How would you react if you knew for certain that god existed? Or destiny? Let’s say a god that doesn’t care whether you’re moral or immoral, faithful or unfaithful, sing its praises or curse its name, you’ve received its mark regardless and you have a destiny in front of you. Would you piously tell anyone who asked or listened about your knowledge and faith? Would you simply shrug your shoulders and give an inconclusive, agnostic non-answer? Or would you loudly tout your ‘atheism’, laughing behind your eyes at those that agree or disagree alike? It’s a question that comes up often in Role Playing Games (RPGs) like Dragon Age: Inquisition. It’s part of the fun though we rarely put it that way, at least partly because over-thinking the philosophical implications of such a decision takes up time that could be better spent slaying cultists, giants and dragons. I do love slaying dragons.
Faith is a key theme running throughout the game, being a major motivating factor for many of the main characters (unsurprising given that the Inquisition of the title is an offshoot of the world’s major religious institution populated primarily by the faithful). Cassandra is a holy warrior whose faith in her god (the Maker) is strong, but her faith in his Chantry is shaken. Leliana struggles to reconcile her belief (so strong in Dragon Age: Origins) in a loving Maker with the fact that he has allowed so much chaos and destruction loose on those loyal to him (including the death of her friend and mentor, the Divine). The Iron Bull’s faith in the Qun is already shaken before he meets the Inquisitor from having lived outside of its teachings for so long, and if certain choices are made he doubts his own ability to keep from becoming a mindless savage without it, losing faith in himself. Sera, Varric and Dorian’s lack of faith in the old institutions of their respective governments, class systems and religions drove them to join and remain with the Inquisition, a catalyst of change, but their views and certainties of the world are rocked by the truths revealed by the identity of the game’s overarching antagonist (effectively a powerful mage who became Satan). The player character him or herself spends what can be defined as the extended prologue with everyone assuming he/she was personally saved from a cataclysmic death by blessed Andraste, god’s missus. Even after we find out that the glowing green mark on our avatar’s hand is due to magic and coincidence rather than overt divine intervention many of our followers make the rather valid point that covert divine intervention is not ruled out, since you just happen to be exactly what is needed when it is needed. Several outright ask the player what they believe is on their hand and what they believe exists in the DA:I equivalent of heaven. How the player responds to this is up to them.
The first thing you do in DA:I is pick your race (elf, human, dwarf, Qunari), your class (warrior, rogue or mage) and your appearance. You are given the barest outline of a personal history to explain how you happen to be at the centre of a magically exploding temple. It is assumed you either know the game world’s law or will be paying close attention to the codex entries you find. After that, it’s up to you to decide the personality of your avatar, your Inquisitor, how they act and react, how they get along with the other characters in the game, and what they believe. The characters are left purposely blank for this exact reason, so that the player can fill in the spaces.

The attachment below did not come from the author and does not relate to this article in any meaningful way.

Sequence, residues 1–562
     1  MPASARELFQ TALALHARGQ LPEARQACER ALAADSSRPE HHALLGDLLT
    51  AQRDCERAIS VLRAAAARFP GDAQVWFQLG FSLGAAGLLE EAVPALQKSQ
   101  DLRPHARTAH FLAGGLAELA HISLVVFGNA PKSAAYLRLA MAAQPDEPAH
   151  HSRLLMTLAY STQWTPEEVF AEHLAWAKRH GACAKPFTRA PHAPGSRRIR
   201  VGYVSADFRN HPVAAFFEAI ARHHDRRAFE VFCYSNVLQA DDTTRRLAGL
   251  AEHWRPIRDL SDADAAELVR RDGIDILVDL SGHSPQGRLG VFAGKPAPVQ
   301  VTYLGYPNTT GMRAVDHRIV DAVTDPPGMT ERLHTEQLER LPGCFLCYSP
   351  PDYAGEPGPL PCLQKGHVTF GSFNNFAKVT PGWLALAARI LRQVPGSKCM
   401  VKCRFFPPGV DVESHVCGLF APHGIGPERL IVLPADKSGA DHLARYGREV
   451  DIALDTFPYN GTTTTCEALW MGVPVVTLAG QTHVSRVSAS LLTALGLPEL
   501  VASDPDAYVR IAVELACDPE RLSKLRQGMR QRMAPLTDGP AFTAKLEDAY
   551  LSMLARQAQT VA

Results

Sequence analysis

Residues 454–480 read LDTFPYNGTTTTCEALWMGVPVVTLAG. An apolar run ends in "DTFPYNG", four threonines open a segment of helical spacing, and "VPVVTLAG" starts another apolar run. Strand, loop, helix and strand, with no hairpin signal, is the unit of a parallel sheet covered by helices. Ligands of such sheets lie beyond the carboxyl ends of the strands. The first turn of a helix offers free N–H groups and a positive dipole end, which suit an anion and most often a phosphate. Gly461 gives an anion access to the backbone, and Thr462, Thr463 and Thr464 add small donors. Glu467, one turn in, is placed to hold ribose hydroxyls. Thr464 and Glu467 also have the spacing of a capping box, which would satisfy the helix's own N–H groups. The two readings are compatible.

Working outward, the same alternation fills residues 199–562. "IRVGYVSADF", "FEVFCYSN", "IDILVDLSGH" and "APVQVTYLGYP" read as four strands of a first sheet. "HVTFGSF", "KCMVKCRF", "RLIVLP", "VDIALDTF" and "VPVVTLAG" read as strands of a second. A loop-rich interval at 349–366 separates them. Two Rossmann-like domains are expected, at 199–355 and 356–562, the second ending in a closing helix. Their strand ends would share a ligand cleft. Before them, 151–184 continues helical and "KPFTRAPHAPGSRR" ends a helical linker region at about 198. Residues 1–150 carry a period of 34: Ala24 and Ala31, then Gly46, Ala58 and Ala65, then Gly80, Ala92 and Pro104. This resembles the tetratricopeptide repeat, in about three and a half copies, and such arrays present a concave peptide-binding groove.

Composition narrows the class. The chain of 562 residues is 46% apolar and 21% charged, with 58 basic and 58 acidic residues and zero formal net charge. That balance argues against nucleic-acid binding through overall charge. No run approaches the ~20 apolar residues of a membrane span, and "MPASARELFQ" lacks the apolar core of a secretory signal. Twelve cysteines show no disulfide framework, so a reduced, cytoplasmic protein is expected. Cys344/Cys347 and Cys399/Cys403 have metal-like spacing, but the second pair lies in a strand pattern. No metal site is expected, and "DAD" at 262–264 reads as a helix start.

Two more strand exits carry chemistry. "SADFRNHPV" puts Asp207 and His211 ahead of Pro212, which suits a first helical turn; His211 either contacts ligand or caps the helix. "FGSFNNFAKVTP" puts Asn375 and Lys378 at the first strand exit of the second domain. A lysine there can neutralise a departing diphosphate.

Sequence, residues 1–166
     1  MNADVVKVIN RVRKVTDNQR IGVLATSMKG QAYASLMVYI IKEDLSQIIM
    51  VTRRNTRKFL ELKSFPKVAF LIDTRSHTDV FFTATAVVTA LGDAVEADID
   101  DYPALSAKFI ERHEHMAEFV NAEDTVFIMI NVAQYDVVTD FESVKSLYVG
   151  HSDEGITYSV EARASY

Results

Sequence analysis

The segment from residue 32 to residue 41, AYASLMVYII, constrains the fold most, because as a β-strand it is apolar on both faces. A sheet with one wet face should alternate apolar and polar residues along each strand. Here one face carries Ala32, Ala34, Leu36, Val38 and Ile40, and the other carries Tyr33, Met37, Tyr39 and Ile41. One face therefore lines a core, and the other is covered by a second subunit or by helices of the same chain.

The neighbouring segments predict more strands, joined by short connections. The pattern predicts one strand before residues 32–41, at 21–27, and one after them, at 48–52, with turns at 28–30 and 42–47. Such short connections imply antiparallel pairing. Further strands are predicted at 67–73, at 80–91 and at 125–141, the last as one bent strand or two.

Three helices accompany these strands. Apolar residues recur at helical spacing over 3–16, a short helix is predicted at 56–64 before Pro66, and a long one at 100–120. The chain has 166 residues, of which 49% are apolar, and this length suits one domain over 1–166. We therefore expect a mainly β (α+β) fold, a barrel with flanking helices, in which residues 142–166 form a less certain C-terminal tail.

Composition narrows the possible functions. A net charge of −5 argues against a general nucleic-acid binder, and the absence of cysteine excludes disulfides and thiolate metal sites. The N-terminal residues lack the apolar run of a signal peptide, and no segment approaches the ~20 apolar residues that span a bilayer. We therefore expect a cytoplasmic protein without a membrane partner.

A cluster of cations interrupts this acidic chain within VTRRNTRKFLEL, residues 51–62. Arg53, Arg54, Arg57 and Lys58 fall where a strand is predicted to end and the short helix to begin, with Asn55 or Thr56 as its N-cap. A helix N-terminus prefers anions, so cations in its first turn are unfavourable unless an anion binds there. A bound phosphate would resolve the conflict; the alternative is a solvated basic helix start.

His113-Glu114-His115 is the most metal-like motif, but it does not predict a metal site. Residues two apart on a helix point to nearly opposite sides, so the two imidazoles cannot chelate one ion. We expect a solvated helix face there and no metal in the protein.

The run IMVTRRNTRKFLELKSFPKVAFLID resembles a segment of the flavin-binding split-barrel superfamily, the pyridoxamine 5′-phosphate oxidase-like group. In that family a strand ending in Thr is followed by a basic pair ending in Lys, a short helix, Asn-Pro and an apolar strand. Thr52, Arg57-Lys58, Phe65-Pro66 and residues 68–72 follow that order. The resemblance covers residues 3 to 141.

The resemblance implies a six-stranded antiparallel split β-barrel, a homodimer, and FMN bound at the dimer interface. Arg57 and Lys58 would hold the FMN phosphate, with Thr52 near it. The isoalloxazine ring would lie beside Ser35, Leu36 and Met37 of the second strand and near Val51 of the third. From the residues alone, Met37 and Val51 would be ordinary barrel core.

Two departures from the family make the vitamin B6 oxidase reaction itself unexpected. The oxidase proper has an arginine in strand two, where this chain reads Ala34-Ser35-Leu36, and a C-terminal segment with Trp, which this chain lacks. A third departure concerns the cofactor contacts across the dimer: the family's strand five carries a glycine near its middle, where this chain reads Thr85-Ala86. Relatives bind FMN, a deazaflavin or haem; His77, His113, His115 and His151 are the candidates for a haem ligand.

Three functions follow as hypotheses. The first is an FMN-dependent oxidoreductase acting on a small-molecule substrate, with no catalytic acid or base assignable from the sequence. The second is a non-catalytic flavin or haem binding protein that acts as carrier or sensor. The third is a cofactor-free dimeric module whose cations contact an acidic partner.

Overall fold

Take my Inquisitor pictured above (badly, I stuffed up the shadowing and drew the eyes too high, but that is why we practice). Lana is a Dalish elf warrior who prefers swords to axes, and axes to hammers or mauls. She has a scar over her left eye from a fight with a Tal-Vashoth bandit in which she almost lost it. She generally tries to get along with people, but her attempts at diplomacy often come off as clumsy or ill-thought, not helped by the fact she has a fierce temper with little mercy for those that cross her. Regardless Lana gets along with her companions well enough. There were a few tensions initially with Dorian, the Tevinter mage, after a few ignorant comments got her Dalish blood boiling. She does her very best to stay on Sera’s good side, seeing the playful city elf as a sort of little sister. She does her very best to try and like Solas with his large head full of dreams, but finds his pseudo-intellectual condescension irritating. She finds some of Cole’s actions worrying, but appreciates good intentions. The two that she understands best however (at least at this point in the game), are Cassandra and Leliana, whose crises of faith perhaps best reflect her own as she struggles to reconcile her proud beliefs in the gods of the Dalish with what she has seen and been told about the circumstances of the mark on her hand (the anchor), which indicates at least some truth to the stories the Chantry tells about the Maker (who is perhaps not so different from the Dalish Creator god).
But that’s me filling in the blanks. Jump onto Tumblr or any other similar website and punch in the right search terms and you’re bound to see stories, comics, other fan-fiction and reviews where people have filled in their own. Some are militantly atheist, some are calmly agnostic, others have declared themselves arbiters of the Maker’s will.
Here’s the thing though: we as players know for a fact that god exists and has a plan for our characters. That god’s name is Bioware.